The Uxbridge branch veers off past a sign announcing 'Morrisons Harrow Now Open'. We've entered a world of allotments and avenues, and weatherboarded platforms above century-old shopping parades. North Harrow has nice tubs while Pinner boasts well-kept borders, plus a newsagent on the down platform sponsored by The Times. Backing onto the line are a succession of semis and bungalows and graffitied flats, most with gardens offering zero privacy from passing trains. The northbound platform at Northwood Hills is mostly advert-free, while at Northwood a suspicious number of the southbound posters are for local public schools. It feels like a real railway out here, running between woods and golf courses, but then we are in Hertfordshire now.

Moor Park serves a community of three-car households, hence the station is lightly used. It's also no longer the key spot for Watford branchers to switch onto a fast train, what with fast trains being an endangered species in the latest timetable. Across the Common Moor and the Grand Union we go, another favourite view, dropping down from four tracks to two as we approach Rickmansworth. With a signalbox and sidings one can well imagine Betjeman pausing here, although his 1972 documentary skipped right over. It's less glamorous up ahead where the M25 rides roughshod over the wooded cutting on concrete stilts, before the Common restores rurality. And someone's recorded "The next station is Chorleywood" with completely the wrong emphasis, which annoyed me, twice.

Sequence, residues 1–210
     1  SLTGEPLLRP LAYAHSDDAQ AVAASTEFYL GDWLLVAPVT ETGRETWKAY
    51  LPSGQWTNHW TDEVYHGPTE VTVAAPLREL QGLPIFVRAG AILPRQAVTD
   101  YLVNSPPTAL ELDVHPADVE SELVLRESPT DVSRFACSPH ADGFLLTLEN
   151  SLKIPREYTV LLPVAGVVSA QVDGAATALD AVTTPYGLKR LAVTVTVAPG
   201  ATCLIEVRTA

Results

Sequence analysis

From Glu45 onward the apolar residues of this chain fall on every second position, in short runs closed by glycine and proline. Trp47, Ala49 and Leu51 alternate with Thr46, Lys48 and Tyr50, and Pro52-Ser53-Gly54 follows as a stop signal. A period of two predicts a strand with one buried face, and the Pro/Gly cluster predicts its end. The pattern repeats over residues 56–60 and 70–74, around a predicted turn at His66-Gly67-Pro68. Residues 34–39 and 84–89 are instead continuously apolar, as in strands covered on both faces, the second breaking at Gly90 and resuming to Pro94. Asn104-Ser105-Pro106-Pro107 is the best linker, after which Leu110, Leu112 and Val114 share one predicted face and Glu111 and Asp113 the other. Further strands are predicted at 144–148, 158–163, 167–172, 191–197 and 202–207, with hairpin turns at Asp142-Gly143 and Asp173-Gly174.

Only on the next stretch does the countryside finally open out to rolling fields, becoming more built-up again on the approach to Chalfont & Latimer. This used to be where you changed for the Chesham shuttle, but no longer, and mini-platform three is now out of service. Ahead is the longest gap between stations on the entire network, that's 3.89 miles, or twenty times the distance from Leicester Square to Covent Garden. The single-track branch line veers off before an industrial estate, past, hang on, isn't that a field of alpacas? The view down across the Chess Valley should be one of the finest on the Underground except, oh, TfL are currently erecting a silver metal fence along the perimeter of the track despoiling any attempt to enjoy the panorama unobstructed.

There follows a gentle descent into Chesham at rooftop level, crossing the fledgling river and pulling into the town centre at the foot of a hill. The station's charming, with a long sinuous platform one, and platform two long ago converted into a prize-winning garden. Locals know not to travel in the rear carriage because that means a longer walk at the end of the journey, probably passing the driver walking back up the platform to change ends. Exit is through a tiny lobby, formerly the ticket hall, now well stocked with local leaflets. We're as far away from London as the London Underground ever gets, in a pleasant Buckinghamshire town (walk straight ahead, turn left). No other line can boast so great a contrast at its extremities, but that's why I love it so.